In addition, it’s important to designate frequent posts to each of the influencer groups.

Frequency + quality + focus = loyalty, sales, and resonance.

The key to social media is not to propagate or pontificate. Instead of using the corporate blog as an arm of marketing, identify customer pain points and deliver the painkiller in a direct, personal, and believable fashion. Try segmenting information across each market to make the interaction more personal and believable.

Don’t try to tie metrics to the bottomline!

It’s all about opening up the corporate kimono – exposing the soul and personality of the company to facilitate genuine communication.

One of the many resources on corporate blogging is Naked Conversations, by Robert Scoble and Shel Israel. It explicitly spells out why and how to leverage a corporate blog to cultivate target markets at national and global levels, and its associated return on investment. Another must-read author is Debbie Weil. I too am writing a book on social tools, so stay tuned.

Defining the path
When thinking about how to leverage social media and blogging strategies, first sit down with the executive and communications team, including business, marketing, public-relations and Web managers and tell them to read this post, among the many others out there, as well as the books listed above!

Honestly, everything they bring to the table will try to refute everything you’re trying to explain.

To quote the narrative in James Cameron’s Titanic when referring to the captain’s mistakes, “26 years of experience working against him. He figures anything big enough to sink the ship they’re going to see in time to turn. But the ship’s too big, with too small a rudder… it can’t corner worth shit. Everything he knows is wrong.”

If you need backup, call Shel Israel, Jeremiah Owyang, Chris Heuer, Brian Oberkirch, Debbie Weil, Todd Defren, or me, to come in and help you ensure that you don’t insult the people you’re trying to reach.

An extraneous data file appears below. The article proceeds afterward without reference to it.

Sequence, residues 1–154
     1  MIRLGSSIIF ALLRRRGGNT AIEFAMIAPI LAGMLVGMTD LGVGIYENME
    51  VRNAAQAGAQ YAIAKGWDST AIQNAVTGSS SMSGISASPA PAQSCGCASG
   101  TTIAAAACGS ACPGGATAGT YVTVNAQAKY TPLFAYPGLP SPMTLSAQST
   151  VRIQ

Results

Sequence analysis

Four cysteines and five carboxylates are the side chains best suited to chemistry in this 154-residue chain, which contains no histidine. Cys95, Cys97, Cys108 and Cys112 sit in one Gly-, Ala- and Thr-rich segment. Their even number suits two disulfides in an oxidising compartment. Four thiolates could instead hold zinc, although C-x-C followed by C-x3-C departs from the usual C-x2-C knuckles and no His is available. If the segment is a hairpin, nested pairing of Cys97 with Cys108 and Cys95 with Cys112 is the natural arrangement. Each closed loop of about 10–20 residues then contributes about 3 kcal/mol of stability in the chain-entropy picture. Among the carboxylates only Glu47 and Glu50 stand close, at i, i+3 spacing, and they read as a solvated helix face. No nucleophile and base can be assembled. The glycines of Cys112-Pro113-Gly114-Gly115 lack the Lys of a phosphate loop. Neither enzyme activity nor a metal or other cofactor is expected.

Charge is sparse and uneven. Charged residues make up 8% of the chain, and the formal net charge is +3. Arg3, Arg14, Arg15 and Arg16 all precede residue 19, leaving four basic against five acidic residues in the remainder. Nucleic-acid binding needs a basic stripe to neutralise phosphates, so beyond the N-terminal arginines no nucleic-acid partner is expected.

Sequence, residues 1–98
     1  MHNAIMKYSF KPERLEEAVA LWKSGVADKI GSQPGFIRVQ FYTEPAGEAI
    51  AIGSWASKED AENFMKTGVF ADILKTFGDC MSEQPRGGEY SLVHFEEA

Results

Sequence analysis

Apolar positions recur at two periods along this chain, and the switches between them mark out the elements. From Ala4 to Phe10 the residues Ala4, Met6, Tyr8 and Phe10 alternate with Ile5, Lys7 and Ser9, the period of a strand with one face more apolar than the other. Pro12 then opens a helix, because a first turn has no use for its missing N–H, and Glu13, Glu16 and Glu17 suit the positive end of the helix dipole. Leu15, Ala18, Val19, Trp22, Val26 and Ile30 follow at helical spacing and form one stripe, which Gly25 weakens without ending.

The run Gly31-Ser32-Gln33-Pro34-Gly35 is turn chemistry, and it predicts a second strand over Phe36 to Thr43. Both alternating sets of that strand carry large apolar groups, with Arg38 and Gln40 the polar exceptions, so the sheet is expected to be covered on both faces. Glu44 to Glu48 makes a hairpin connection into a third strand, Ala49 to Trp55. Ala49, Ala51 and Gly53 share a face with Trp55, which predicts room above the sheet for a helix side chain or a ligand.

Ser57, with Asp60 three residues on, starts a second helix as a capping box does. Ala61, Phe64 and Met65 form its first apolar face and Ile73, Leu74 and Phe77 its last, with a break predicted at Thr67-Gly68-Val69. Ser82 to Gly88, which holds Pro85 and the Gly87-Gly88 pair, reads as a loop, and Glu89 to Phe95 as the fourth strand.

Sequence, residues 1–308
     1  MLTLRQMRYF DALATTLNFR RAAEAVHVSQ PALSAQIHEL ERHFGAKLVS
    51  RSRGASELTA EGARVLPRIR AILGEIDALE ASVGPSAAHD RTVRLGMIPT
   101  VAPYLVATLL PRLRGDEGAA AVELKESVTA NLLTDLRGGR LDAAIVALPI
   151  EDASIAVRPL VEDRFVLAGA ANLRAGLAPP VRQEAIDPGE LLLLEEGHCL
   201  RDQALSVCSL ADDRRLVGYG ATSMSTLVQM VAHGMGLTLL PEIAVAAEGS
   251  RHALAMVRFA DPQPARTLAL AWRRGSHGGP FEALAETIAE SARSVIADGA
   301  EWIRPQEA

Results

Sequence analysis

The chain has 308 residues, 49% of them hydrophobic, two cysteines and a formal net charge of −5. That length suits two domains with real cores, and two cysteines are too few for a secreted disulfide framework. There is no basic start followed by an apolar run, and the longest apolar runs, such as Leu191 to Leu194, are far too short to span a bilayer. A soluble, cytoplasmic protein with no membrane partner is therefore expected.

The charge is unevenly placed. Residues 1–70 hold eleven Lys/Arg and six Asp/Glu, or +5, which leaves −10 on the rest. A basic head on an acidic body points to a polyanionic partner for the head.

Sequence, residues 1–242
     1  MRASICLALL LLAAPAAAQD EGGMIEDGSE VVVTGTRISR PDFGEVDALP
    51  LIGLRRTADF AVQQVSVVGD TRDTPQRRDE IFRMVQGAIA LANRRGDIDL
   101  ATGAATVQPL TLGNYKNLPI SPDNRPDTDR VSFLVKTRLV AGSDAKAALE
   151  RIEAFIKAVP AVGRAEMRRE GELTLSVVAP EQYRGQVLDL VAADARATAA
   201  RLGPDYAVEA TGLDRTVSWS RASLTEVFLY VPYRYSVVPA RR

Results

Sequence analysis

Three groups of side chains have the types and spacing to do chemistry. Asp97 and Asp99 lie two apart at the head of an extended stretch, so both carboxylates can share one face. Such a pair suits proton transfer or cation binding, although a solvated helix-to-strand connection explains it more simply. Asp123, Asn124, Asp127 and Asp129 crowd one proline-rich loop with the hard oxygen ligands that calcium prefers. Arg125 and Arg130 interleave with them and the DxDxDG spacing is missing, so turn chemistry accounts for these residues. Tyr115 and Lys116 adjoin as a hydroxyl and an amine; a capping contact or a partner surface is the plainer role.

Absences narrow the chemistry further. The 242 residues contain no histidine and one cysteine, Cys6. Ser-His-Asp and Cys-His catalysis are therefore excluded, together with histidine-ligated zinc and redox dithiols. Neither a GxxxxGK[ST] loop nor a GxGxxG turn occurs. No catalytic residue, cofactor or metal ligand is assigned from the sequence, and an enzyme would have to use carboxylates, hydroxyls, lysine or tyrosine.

This is about conversations – people talking to people – not about “corporate communications.” It takes a new level of engagement. So, engage or die!

Update:
John Cass asks “Are You a Sanctimonious PR 2.0 Professional?
Sterling Hager Discusses “Sanctimonious 2.0″ – Also follows up with Part II
Kari Hanson on Ghost Posting

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  • geoff

    Great entry. How true. I had a conversation with a client today about the very same thing. Engage, not sell.

    GL

  • T.J.

    Right on, Brian. It seems much more important to cultivate relationships and establidh dialogue than to sell, sell, sell the product.

  • Brian Solis

    Geoff, TJ, thank you. Geoff, I think we’ll have many more of these conversations with clients.

    TJ, who knew right? It’s astonishing at just how difficult it is to get them to embrace the idea of conversations versus selling – and without tying it to the bottom line.

  • geektastik

    Thanks very much for your feedback on my post about this. I completely agree that the key is transparency and participation/engagement.

    We evangelists do, I think, have to temper our enthusiasm with the acknowledgment that blogging is not always the right decision for everyone, even for companies with nothing to hid.

    Instead, we should keep in mind the strengths of blogging and the end-goals it achieves, and look to find the best tools that most effectively achieve those goals.